Price: five cakes for S$3.50

4. Nam Sing Hokkien Mee


51 Old Airport Rd, #01-32, Singapore 390051

“This stall specialises in a unique fried noodles dish called hokkien mee. Thin rice vermicelli, called beehoon, are fried on the wok. On the side, they cook scrambled eggs with fat trimmings. The noodles are braised with prawn stock, prawn, squid and bean sprout, then mixed with the scrambled eggs, and finally everything is put together on the plate. The dish tastes even better if you let it rest for five to ten minutes, so the noodles absorb the stock. For this reason, many locals like to take it away and eat it at home. Enjoy with some chilli and lime.”

Price: S$5

5. 18 Zion Road Fried Kway Teow


70 Zion Rd, #01-17 Zion Riverside Food Centre, Singapore 247792

“There is a shop making a version of this rice noodles dish at every hawker stall centre, but this is my favourite. It uses a mix of flat rice noodles and yellow egg noodles, which are fried with fish cakes, cockles, preserved meat, bean sprouts, egg and vegetables, and tossed in dark soy sauce. It gets a wonderful charcoal aftertaste from the wok it is cooked in and a hint of smoke from the soy sauce that often burns on the bottom of the pan.”

Price: S$4

6. Kampong Chicken Eating House


247 Outram Rd, Singapore 169047

“This is my favourite chicken rice in Singapore. Kampong means free range, so the chicken here is especially flavoursome. The skin is yellow rather than white because the shop uses a special breed of chicken. First, the meat is poached with shallots and leaves for about 40 minutes, then it is put in an ice bath, so the skin becomes crunchy. It is served with a cloudy yellow soup made from the chicken bones, which is very flavoursome. I recommend eating the chicken with dark soy sauce, chilli sauce and ginger sauce, and to order a side of chicken feet. If you don’t know what to eat, chicken rice is always perfect.”

Price: S$4.70 (single portion), chicken feet S$3

7. Nyonya Chendol


51 Upper Bukit Timah Rd, #02-123, Singapore 588215

Nyonya indicates the mix of Chinese and Malay influences. This sweet dish consists of shaved ice served with a variety of toppings, for example red beans or sweetcorn, and it is called chendol. It is covered in coconut milk and sugar cane juice – we call sugar cane juice ‘the salted caramel of the east’, as it has that delicious sweet-savoury flavour. This is a perfect refreshing dish in the Singapore heat.”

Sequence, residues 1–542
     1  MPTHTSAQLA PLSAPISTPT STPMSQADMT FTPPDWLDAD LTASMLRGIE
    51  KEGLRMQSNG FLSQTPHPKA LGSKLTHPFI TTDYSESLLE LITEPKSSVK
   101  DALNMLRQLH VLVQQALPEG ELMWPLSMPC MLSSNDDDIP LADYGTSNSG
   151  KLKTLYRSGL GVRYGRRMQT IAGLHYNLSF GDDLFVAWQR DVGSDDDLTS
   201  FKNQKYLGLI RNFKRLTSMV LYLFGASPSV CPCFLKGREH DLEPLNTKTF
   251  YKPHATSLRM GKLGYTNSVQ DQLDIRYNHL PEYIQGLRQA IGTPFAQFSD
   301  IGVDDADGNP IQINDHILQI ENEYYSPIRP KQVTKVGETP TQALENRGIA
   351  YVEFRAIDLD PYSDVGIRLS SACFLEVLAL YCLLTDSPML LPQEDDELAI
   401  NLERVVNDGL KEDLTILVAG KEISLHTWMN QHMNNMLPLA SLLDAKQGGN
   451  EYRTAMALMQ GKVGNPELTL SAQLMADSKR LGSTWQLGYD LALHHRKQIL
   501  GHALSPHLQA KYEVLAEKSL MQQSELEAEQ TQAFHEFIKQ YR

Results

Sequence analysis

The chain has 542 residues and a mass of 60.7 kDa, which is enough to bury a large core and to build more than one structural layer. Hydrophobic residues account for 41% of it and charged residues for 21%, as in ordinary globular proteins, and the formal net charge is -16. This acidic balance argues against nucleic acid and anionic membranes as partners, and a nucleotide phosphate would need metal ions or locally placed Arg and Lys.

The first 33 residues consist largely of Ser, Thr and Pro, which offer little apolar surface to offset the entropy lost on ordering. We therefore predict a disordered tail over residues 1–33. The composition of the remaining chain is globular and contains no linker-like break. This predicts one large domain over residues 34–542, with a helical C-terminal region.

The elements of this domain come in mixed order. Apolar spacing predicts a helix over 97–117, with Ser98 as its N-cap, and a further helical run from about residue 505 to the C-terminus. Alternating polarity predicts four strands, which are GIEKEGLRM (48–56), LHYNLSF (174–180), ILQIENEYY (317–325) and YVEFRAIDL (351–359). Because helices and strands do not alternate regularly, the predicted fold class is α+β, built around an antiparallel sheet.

Price: S$2

8. 328 Katong Laksa


51 E Coast Rd, Singapore 428770

Laksa is the name for a coconut curry usually served with laksa leaves on top. The soup’s base is made from dried mushrooms and it usually features prawns, fish cakes, deep-fried bean curd and bean sprouts. The broth is made with a mixture of spices and coconut milk, and it is usually very spicy. They add to the soup a special kind of rice noodles that are round-shaped, but they cut them so that you can eat them with a spoon – this is a dish that is traditionally eaten only with a spoon.”

Price: S$7.50

9. Famous Old Airport Fried Oyster


51 Old Airport Rd, #01-54, Singapore 390051

“This place makes Singapore’s famous fried oyster omelette. The eggs are mixed with a rice flour mixture and fried, which makes the omelette look like a pancake. Finally, they add the oysters and serve the dish with spring onion and coriander. My parents would buy this dish for the whole family when I was a kid. I do an interpretation of this dish at my restaurant Corner House, as a crispy omelette with oyster, oyster leaves and coriander, topped with caviar.”

Price: S$6


The 2019 edition of The World’s 50 Best Restaurants list and awards will be announced at Singapore’s Marina Bay Sands on Tuesday 25th June. To stay up to date with the latest news and to watch the livestream, follow us on InstagramFacebookTwitter and YouTube.